"The men all jeered at the first woman we elected to our village soviet," a village president told me, "but at the next election we elected six women and now it is we who laugh." I met twenty of these women presidents of villages in 1928 on a train in Siberia, bound for a Women's Congress in Moscow. For most it was their first trip by train and only one had ever been out of Siberia. They had been invited to Moscow "to advise the government" on the demands of women; their counties elected them to go.
The toughest fight of all for women's freedom was in Central Asia. Here, women were chattels, sold in early marriage and never thereafter seen in public without the hideous "paranja," a long black veil of woven horsehair which covered the entire face, hindering breathing and vision. Tradition gave husbands the right to kill wives for unveiling; the mullahs -- Moslem priests supported this by religion. Russian women brought the first message of freedom; they set up child welfare clinics where native women unveiled in each other's presence. Here, the rights of women and the evils of the veil were discussed. The Communist Party brought pressure on its members to permit their wives to unveil.
When I first visited Tashkent, in 1928, a conference of Communist women was announcing: "Our members in backward villages are being violated, tortured and murdered. But this year we must finish the hideous veil; this must be the historic year." Shocking incidents gave point to this resolution. A girl from a Tashkent school gave her vacation to agitating for women's rights in her home village. Her dismembered body was sent back to school in a cart bearing the words: "That for your women's freedom." Another woman had refused the attentions of a landlord and married a Communist peasant; a gang of eighteen men, stirred up by the landlord, violated her in the eighth month of pregnancy and threw her body in the river.
Poems were written by women to express their struggle. When Zulfia Khan, a fighter for freedom, was burned alive by the mullahs, the women of her village wrote a lament:
"O, woman, the world will not forget your fight for freedom!
Your flame -- let them not think that it consumed you.
The flame in which you burned is a torch in our hands."
The citadel of orthodox oppression was "Holy Bokhara." Here, a dramatic unveiling was organized. Word was spread that "something spectacular" would occur on International Women's Day, March 8. Mass meetings of women were held in many parts of the city on that day, and women speakers urged that everyone "unveil all at once." Women then marched to the platform, tossed their veils before the speakers and went to parade the streets. Tribunes had been set up where government leaders greeted the women. Other women joined the parade from their homes and tossed their veils to the tribunes. That parade broke the veil tradition in Holy Bokhara. Many women, of course, donned veils again before facing their angry husbands. But the veil from that time on appeared less and less.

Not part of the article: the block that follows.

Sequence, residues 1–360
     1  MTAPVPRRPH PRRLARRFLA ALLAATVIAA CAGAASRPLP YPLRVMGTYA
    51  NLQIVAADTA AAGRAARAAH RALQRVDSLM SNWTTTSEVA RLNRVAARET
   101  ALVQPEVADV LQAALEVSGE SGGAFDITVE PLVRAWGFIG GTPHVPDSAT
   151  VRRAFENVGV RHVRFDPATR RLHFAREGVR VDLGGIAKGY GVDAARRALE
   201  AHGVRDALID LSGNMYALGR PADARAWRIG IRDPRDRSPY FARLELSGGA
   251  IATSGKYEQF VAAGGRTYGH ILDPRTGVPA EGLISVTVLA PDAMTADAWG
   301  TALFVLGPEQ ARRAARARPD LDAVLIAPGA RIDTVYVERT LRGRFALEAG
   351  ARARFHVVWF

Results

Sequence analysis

Soviet power used many weapons for the freeing of women. Education, propaganda, law all had their place. Big public trials were held of husbands who murdered wives; the pressure of the new propaganda confirmed judges who gave the death sentence for what old custom had not considered crime. The most important weapon for freeing women was, as in Russia proper, the new industrialization.
I visited a new silk mill in Old Bokhara. Its director, a pale, exhausted man, driving without sleep to build a new industry, told me the mill was not expected to be profitable for a long time. "We are training village women into a new staff for future silk mills of Turkestan. Our mill is the consciously applied force which broke the veiling of women; we demand that women unveil in the mill."
Girl textile workers wrote songs on the new meaning of life when they exchanged the veil for the Russian head-dress, the kerchief.
"When I took the road to the factory
I found there a new kerchief,
A red kerchief, a silk kerchief,
Bought with my own hand's labor!
The roar of the factory is in me.
It gives me rhythm.
it gives me energy."
One can hardly read this without recalling, by contrast, Thomas Hood's "The Song of the Shirt," that expressed the early factories of Britain.
"With fingers weary and worn,
With eyelids heavy and red,
A woman sat, in unwomanly rags,
Plying her needle and thread.
Stitch, stitch, stitch, in poverty, hunger and dirt,
And still, with a voice of dolorous pitch,
She sang the song of the shirt."
In capitalist Britain, the factory appeared as a weapon of exploitation for profit. In the USSR, it was not only a means to collective wealth, but a tool consciously used to break past shackles.
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